During a 5-week, 3-part investigation in conjunction with the Nassau County Office of Consumer Affairs, the Nassau County District Attorney’s Office charged 40 individuals who operated home improvement businesses without licenses. Four contractors were charged with Grand Larceny in the third degree for allegedly stealing more than $188,868 from homeowners for home improvements that were either not finished, or never even started. Investigators also rented a home in Nassau County and called in unlicensed contractors to perform “renovations.” This 2-week operation yielded 12 charges of Operating a Home Improvement Business without a License, a class A misdemeanor, and the contractors’ vehicles were seized under the County Forfeiture Law.
“Homeowners must continue to verify the credentials of the contractors under consideration for work on their homes. The results of this investigation highlight the need for continued vigilance in the pursuit of unlicensed contractors that prey upon unsuspecting homeowners,” said Nassau County Commissioner of Consumer Affairs, Roger C. Bogsted.
In June, officials from Nassau County’s Office of Consumer Affairs and the District Attorney’s Office conducted undercover and field inspections resulting in the seizure of 14 vehicles owned by unlicensed home improvement contractors. Moreover, 13 individuals were arrested for fraud and operating without a license. Over the past year, Nassau County Consumer Affairs has assisted consumers with refunds in excess of $1 million dollars.
“Westchester County Executive Andy Spano’s administration is committed to maintaining an aggressive, zero-tolerance approach to illegal home improvement contractors,” said Gary Brown, director, Westchester County Department of Consumer Protection. “When it comes to unlicensed contractors, the message is clear: we mean business.”
In a 6-week sweep, the Westchester County Department of Consumer Protection deployed three teams of field inspectors conducting more than 660 inspections of home improvement contractors and citing 65 companies for working without a license. The Department also utilized the county’s Seizure/Impound law to seize the vehicles and tools of six unlicensed contractors, including two recidivist contractors who continued to work even after being cited in a prior enforcement sweep. Impounded vehicles and tools are held by the county until the unlicensed contractor applies for a license and pays all outstanding fines. Westchester inspectors also checked for compliance with a new county law that requires landscapers to use low emission leaf-blowers, and cited ten contractors for using leaf blowers that do not meet these new requirements.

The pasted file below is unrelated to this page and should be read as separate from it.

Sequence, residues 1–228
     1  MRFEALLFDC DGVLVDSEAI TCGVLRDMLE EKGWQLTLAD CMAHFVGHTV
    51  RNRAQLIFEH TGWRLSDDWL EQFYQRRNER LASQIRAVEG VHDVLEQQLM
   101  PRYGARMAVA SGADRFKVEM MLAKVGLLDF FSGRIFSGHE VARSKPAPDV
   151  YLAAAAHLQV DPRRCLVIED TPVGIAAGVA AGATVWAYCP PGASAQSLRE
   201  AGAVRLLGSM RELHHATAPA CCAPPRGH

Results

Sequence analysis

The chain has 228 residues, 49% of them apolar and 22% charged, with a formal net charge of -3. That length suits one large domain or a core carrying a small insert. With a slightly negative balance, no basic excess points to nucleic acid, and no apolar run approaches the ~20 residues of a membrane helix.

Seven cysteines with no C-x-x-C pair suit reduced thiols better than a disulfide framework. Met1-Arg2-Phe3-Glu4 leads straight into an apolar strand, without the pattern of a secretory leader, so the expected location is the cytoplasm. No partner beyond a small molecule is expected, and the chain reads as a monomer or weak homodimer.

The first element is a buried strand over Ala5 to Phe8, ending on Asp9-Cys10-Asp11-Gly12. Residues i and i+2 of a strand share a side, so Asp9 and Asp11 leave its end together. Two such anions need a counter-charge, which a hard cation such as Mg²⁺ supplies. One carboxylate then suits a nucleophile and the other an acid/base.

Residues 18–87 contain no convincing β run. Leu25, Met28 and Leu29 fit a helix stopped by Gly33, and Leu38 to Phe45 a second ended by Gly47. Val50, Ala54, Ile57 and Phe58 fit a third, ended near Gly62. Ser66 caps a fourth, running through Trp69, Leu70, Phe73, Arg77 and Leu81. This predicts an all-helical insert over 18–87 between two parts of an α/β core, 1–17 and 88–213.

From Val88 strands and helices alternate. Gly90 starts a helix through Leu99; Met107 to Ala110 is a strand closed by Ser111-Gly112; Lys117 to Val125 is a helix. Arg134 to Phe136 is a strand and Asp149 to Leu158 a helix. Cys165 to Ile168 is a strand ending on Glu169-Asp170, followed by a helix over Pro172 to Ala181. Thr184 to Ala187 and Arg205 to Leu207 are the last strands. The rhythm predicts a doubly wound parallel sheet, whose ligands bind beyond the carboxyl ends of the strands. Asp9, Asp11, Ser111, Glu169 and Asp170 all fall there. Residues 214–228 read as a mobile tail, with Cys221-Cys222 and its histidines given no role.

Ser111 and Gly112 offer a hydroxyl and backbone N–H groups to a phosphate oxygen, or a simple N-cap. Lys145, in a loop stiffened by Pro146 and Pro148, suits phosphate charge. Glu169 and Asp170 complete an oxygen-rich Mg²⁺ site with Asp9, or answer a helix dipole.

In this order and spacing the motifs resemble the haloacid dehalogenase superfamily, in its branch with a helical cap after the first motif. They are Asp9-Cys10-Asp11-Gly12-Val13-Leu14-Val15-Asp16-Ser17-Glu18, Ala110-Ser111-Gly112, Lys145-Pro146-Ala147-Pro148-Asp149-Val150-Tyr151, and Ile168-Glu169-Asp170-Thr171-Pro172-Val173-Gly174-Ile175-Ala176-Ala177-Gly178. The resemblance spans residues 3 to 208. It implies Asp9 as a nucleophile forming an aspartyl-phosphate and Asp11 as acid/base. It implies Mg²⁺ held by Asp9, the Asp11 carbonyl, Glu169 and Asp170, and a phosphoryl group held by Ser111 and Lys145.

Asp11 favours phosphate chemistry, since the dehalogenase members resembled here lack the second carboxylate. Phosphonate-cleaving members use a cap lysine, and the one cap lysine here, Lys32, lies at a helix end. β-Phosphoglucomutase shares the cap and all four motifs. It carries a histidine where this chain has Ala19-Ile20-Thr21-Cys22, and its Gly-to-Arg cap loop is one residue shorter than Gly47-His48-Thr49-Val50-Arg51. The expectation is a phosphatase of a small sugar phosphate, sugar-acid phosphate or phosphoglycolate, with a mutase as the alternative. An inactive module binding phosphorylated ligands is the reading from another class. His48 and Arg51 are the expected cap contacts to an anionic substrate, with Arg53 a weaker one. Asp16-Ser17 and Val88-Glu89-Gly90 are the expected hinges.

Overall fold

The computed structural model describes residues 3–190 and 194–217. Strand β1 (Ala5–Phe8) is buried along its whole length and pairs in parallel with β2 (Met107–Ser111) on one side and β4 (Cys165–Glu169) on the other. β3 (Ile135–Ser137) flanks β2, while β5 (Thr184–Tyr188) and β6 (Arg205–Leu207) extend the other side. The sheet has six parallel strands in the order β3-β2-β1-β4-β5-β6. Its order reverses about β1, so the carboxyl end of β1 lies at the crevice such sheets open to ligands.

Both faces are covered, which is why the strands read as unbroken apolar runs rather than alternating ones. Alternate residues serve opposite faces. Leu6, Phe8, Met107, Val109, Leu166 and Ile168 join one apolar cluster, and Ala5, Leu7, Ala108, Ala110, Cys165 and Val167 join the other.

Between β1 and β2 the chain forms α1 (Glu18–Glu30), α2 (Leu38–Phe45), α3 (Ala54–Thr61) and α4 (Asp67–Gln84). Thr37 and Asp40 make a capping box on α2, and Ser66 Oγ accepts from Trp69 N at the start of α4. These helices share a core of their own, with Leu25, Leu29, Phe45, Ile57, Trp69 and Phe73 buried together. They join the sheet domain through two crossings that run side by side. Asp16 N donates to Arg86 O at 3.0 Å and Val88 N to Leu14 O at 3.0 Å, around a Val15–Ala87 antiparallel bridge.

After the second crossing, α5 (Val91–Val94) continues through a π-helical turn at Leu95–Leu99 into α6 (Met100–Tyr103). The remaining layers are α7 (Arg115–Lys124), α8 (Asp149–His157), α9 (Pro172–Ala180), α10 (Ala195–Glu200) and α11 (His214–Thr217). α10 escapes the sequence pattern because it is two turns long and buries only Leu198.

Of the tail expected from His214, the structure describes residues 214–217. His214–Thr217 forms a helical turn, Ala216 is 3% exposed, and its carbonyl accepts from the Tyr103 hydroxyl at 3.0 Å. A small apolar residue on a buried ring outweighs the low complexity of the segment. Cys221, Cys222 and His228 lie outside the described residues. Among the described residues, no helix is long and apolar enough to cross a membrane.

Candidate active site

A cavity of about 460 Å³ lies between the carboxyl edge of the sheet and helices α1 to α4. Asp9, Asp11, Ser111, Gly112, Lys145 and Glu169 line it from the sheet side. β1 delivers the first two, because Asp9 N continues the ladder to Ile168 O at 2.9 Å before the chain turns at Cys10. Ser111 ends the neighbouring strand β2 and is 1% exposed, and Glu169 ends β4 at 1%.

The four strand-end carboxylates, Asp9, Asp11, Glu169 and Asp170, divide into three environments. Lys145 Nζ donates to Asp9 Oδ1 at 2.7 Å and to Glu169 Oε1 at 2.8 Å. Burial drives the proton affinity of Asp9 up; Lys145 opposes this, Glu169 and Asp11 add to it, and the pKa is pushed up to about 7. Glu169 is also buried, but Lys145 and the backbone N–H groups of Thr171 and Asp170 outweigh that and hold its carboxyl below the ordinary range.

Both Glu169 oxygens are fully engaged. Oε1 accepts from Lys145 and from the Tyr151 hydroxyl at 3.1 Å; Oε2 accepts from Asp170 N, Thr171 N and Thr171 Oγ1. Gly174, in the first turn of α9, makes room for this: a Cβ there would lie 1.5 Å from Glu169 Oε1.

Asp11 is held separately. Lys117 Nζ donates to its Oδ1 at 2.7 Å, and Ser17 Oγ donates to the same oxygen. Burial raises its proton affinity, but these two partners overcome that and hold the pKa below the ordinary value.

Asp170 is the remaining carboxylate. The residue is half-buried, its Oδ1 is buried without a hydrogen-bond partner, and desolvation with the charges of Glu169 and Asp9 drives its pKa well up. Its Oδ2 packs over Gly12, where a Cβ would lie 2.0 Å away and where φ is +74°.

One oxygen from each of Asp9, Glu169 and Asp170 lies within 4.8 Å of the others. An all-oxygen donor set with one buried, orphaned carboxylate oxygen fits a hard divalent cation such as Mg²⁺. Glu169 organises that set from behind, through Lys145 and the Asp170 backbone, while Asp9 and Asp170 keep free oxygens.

“Every year, when the weather gets nice, New Yorkers spend their hard-earned money to protect their investments in their homes, and unfortunately every year hundreds fall victim to scams and unscrupulous business practices,” said Mindy A. Bockstein, Chairperson and Executive Director of New York State’s Consumer Protection Board (CPB). “Home improvement made the CPB’s list of top complaints and inquiries again this year. Stings and licensing reviews are a great way to catch violators, and I commend the consumer affairs departments from New York City, Long Island and Westchester counties for their tremendous efforts.”
To file a complaint, check if a home improvement contractor is licensed, obtain information, request free consumer and business publications, or ask about license application requirements, please contact the following consumer protection agencies: